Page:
14. ^ Mansoor, Sanya. "'Only One of Us Is Telling the Truth.' The Biggest Moments From Prince Andrew Accuser Virginia Giuffre's BBC Interview". Time. New York. Retrieved 13 December 2019.
  15. ^ Martin, Guy. "Prince Andrew's Public Relations War With Virginia Roberts Giuffre: Her Direct Appeal To Britain Harries His Retreat". Forbes. New York. Retrieved 23 January 2020.
  16. ^ "Prince Andrew interview wins Maitlis RTS award". BBC News. 27 February 2020. Retrieved 27 February 2020.
  17. ^ "Emily Maitlis' new drama on Prince Andrew interview to rival old BBC ally's screen adaptation". The Daily Telegraph. 6 August 2022. Retrieved 6 August 2022.
  18. ^ "BBC pay 2020 – full list of salaries and highest-paid stars announced". Radio Times.
  19. ^ "The joy of BBC Sound's US podcast Americast". Newstatesman.com. 19 February 2020.
  20. ^ "Tweet by @maitlis".
  21. ^ "Emily Maitlis and Jon Sopel to leave BBC to launch podcast and host LBC show". BBC News. 22 February 2022. Retrieved 23 February 2022.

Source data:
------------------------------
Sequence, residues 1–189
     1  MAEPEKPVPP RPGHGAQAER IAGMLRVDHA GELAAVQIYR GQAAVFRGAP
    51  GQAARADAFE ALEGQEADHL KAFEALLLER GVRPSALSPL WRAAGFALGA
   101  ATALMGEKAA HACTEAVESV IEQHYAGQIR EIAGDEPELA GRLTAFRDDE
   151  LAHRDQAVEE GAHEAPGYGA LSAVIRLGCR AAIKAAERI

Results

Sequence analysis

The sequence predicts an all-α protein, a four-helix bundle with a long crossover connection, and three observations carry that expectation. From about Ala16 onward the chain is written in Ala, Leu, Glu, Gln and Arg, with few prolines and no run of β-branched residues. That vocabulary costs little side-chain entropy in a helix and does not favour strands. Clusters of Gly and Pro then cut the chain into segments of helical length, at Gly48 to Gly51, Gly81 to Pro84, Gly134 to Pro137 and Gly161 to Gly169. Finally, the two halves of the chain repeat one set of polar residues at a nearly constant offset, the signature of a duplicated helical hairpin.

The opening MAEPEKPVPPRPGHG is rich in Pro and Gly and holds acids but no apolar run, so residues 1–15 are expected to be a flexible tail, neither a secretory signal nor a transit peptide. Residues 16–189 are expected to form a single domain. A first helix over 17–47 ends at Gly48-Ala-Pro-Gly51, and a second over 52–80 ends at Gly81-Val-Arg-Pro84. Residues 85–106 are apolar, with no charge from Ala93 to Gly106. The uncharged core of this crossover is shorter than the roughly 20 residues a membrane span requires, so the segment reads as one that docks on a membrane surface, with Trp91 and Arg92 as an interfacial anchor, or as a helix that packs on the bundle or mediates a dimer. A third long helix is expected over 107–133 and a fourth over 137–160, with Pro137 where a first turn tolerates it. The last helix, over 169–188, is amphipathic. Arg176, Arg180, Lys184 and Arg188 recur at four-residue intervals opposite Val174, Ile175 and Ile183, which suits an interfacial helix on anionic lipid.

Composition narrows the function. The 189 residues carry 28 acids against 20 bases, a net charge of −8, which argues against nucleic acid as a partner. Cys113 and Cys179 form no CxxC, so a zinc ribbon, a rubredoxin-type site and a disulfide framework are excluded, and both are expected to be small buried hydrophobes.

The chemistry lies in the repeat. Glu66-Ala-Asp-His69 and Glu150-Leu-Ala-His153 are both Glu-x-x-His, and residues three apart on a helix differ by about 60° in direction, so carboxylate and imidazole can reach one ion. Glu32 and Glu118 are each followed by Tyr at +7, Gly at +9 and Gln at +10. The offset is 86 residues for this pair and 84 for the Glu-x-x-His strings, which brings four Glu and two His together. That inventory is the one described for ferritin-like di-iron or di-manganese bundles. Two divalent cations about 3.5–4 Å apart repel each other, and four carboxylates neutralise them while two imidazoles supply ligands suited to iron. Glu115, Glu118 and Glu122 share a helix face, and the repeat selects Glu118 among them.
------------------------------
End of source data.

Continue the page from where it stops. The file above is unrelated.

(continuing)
22. ^ a b Waterson, Jim (24 August 2022). "Emily Maitlis says 'active Tory party agent' shaping BBC news output". The Guardian.
  23. ^ "Details of Emily Maitlis & Jon Sopel's new Global podcast revealed". Radiotoday.co.uk. 22 August 2022. Retrieved 22 August 2022.
  24. ^ "The News Agents review – how Maitlis and Sopel will use their post-BBC freedom remains to be seen". The Guardian. 30 August 2022. Retrieved 2 September 2022.
  25. ^ "'You got me fired!': Anthony Scaramucci jokes with Emily Maitlis on first ep of The News Agents podcast". Lbc.co.uk. Retrieved 2 September 2022.
  26. ^ Wilson, Benji (1 May 2023). "Andrew: The Problem Prince, Channel 4, review: who convinced him that Newsnight was a good idea?". Telegraph.co.uk. Retrieved 18 May 2023.
  27. ^ Otterson, Joe (20 November 2023). "Michael Sheen, Ruth Wilson to Star in 'A Very Royal Scandal' Amazon Series Based on Prince Andrew Interview With Emily Maitlis". Variety. Retrieved 22 November 2023.